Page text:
• Boyfriend/Husband – having to consider the needs of another in decision making (I failed spectacularly for years at this)
  • Wife/Motherhood – the transition from single woman, to wife, to mother, to mother of adult children, to grandmother. Each phase potentially resulting in a new routine, and often, a new self-image.

These transition, even for “good” reasons can act as depression triggers. The trigger being the need to let go of an existing identity.

In 2000, during a year long leave of absence, I can remember sitting in an Aussie hotel room wondering, “why the hell do I feel so depressed? I have an opportunity to vacation for a year.” The trigger likely being my loss of identity as “finance guy.” I navigated through that transition and, from 2000 to 2002, changed my identity to an athlete.

In 2002/2005/2008/2011, same crisis but different trigger! I had dark patches when I wasn’t able to train at the level of an elite athlete. At first the trigger was fatigue from extreme training. However, when I turned 40, the inevitable decline of physical capacity made itself felt.

Having learned to separate my self from my emotions, the transition seemed bizarre. I remember riding up St Vrain Canyon on a beautiful day and wanting to cry the entire time. I turned around early on the ride and suspected that my elite career was over. Strange, or extreme, emotional events cause me to pause and look inwards.

I consulted with a athlete-doctor, now our team doc at Endurance Corner. He observed that extreme exercise, and variable training load, can have outsize effects on an athlete’s neurochemistry. Seeing the link between my physical choices and my inner mental state was an “a-ha moment” in my life.

The way I experience stress, exercise, alcohol, sex and many other experiences is different than most. I can make myself drunk with exercise – a strong sustained effort will get me “high.” I joke about fatigue intoxication but it’s real (and a lot of fun to get completely blasted in a socially acceptable manner). In my case, the same effect that makes me high, can also make me depressed.

Below, I share how to keep the buzz a good one. Whether you are an athlete, or not, the key to managing life transitions is have a core daily routine that you repeat. This core daily practice is universal – if you look for it then you’ll find it everywhere (religion, spiritual practice, bloggers, self-help gurus, success literature). Everybody has their secret recipe and, often, something they want to sell you.

Unexpected change – With a move, or a new life, I can see it coming and I feel like I have a choice. A sense of control, even via illusion, is comforting. There are some transitions that arrive on their own. They might be negative: unemployment, divorce, infidelity, fraud, injury or illness. They might be positive: financial windfall, promotion, fame or unexpected victories.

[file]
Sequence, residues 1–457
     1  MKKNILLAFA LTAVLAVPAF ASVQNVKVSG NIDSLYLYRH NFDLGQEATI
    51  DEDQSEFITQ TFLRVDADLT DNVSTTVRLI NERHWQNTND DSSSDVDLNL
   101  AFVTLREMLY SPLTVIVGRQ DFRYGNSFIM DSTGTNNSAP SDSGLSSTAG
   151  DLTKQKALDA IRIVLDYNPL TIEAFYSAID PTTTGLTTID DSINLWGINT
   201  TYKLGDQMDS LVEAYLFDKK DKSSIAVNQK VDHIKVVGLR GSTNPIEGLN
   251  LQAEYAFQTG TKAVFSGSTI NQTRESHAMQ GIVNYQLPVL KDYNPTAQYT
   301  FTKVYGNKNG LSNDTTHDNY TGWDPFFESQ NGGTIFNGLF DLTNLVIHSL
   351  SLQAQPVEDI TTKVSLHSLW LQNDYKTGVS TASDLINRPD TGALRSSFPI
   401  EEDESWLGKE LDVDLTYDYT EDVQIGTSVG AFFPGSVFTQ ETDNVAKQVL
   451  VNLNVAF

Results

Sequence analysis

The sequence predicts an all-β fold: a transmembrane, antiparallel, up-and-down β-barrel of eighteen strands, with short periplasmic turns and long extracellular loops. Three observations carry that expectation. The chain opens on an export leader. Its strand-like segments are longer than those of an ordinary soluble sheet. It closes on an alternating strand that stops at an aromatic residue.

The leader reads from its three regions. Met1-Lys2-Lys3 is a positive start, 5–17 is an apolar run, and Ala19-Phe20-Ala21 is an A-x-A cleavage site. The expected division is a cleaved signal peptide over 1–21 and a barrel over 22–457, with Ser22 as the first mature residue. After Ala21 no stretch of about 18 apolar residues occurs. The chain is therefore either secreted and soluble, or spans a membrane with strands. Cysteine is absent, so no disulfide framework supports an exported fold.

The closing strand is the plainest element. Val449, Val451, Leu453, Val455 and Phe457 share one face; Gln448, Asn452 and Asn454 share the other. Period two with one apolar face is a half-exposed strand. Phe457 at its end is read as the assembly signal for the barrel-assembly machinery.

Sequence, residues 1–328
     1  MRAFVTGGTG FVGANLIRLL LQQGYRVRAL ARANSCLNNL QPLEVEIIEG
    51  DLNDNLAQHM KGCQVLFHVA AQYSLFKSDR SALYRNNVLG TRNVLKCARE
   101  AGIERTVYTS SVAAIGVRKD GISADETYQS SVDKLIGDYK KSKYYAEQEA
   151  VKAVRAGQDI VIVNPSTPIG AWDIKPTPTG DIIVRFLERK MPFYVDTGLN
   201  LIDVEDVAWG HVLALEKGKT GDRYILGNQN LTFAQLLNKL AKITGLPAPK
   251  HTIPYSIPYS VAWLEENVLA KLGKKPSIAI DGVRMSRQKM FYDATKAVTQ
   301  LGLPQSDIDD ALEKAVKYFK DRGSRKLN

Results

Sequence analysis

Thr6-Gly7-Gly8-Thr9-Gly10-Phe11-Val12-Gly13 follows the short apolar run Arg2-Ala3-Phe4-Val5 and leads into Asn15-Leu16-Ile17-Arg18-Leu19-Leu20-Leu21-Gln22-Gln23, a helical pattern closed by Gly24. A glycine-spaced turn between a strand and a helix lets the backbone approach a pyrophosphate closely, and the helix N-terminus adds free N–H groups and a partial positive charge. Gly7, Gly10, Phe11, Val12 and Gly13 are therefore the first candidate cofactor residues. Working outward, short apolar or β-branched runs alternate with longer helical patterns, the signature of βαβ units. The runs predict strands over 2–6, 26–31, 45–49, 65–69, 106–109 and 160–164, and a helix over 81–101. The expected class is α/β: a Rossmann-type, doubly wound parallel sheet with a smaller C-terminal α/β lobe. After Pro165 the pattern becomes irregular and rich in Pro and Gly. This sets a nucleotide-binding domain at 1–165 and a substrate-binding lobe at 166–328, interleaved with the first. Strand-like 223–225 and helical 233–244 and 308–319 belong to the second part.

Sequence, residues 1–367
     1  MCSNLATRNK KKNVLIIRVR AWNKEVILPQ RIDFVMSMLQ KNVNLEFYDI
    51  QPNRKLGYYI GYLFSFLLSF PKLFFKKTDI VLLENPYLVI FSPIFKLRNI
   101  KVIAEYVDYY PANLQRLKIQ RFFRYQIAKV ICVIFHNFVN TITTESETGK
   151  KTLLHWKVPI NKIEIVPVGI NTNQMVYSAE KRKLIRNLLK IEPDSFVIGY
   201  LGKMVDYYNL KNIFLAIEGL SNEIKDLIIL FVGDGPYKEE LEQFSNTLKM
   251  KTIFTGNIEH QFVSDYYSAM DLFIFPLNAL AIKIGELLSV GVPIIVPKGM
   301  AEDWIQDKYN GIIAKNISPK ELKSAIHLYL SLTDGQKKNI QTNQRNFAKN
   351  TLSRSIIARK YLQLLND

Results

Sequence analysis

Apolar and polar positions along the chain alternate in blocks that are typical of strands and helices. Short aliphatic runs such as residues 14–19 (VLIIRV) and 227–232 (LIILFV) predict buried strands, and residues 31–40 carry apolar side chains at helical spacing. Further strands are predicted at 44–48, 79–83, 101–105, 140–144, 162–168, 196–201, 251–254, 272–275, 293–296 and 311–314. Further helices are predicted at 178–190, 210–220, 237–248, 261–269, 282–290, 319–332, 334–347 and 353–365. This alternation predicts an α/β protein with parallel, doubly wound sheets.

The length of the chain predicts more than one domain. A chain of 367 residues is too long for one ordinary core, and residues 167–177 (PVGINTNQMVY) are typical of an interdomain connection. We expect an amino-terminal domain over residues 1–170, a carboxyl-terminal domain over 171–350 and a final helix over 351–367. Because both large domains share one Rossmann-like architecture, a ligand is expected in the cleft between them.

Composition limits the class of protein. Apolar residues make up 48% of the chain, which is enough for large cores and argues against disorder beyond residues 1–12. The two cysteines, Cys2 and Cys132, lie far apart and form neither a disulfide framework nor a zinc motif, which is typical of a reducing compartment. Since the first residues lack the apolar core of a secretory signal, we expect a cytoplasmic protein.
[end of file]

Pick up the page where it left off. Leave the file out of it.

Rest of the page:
The negative surprises can get us stuck in a cycle of blame and anger. The positive surprises can trigger feelings of guilt and lack of self-worth.

Both types of surprise can fool us into thinking that we’ve earned the right to cover up our pain by following false gods. You can take your pick of the seven deadly sins – in my family we “soothe” ourselves with with anger, alcohol, sex, food, and my favorite, fatigue.


I have dealt with all these transitions, good and bad, around the world, on multiple occasions. There are four techniques that bring me out of the depression that results from a serious setback.

Give yourself time to mourn – I give myself 48 hours to feel awful. I let myself feel really sorry for myself. Then it is time to get back on track.

Getting Back On Track – keep it simple. One hour of exercise, low sugar diet, no booze, bright light and one positive step per day. This works every single time.

When I’m depressed, I’m fearful that my game plan won’t work and I’m tempted not to start. The dialogue goes… it probably won’t work this time, this time I’m really depressed. However, the simple steps have never failed me and is similar to what others report working.

The hour-per-day of exercise is flexible. I give myself a “win” if I start the hour. For example, I broke a few ribs at the end of 2011 so had to walk slowly around my neighborhood. In a particularly tough month in 2004, my wife staged an intervention to get me going by walking me around the block. We joked that she was walking-her-gordo; it worked and I got going again. The big thing for me is getting out of the house and into natural light. Having restarted myself a zillion times, I don’t mind the dark weeks. They make me appreciate the majority of my life, when I’m rolling along just fine.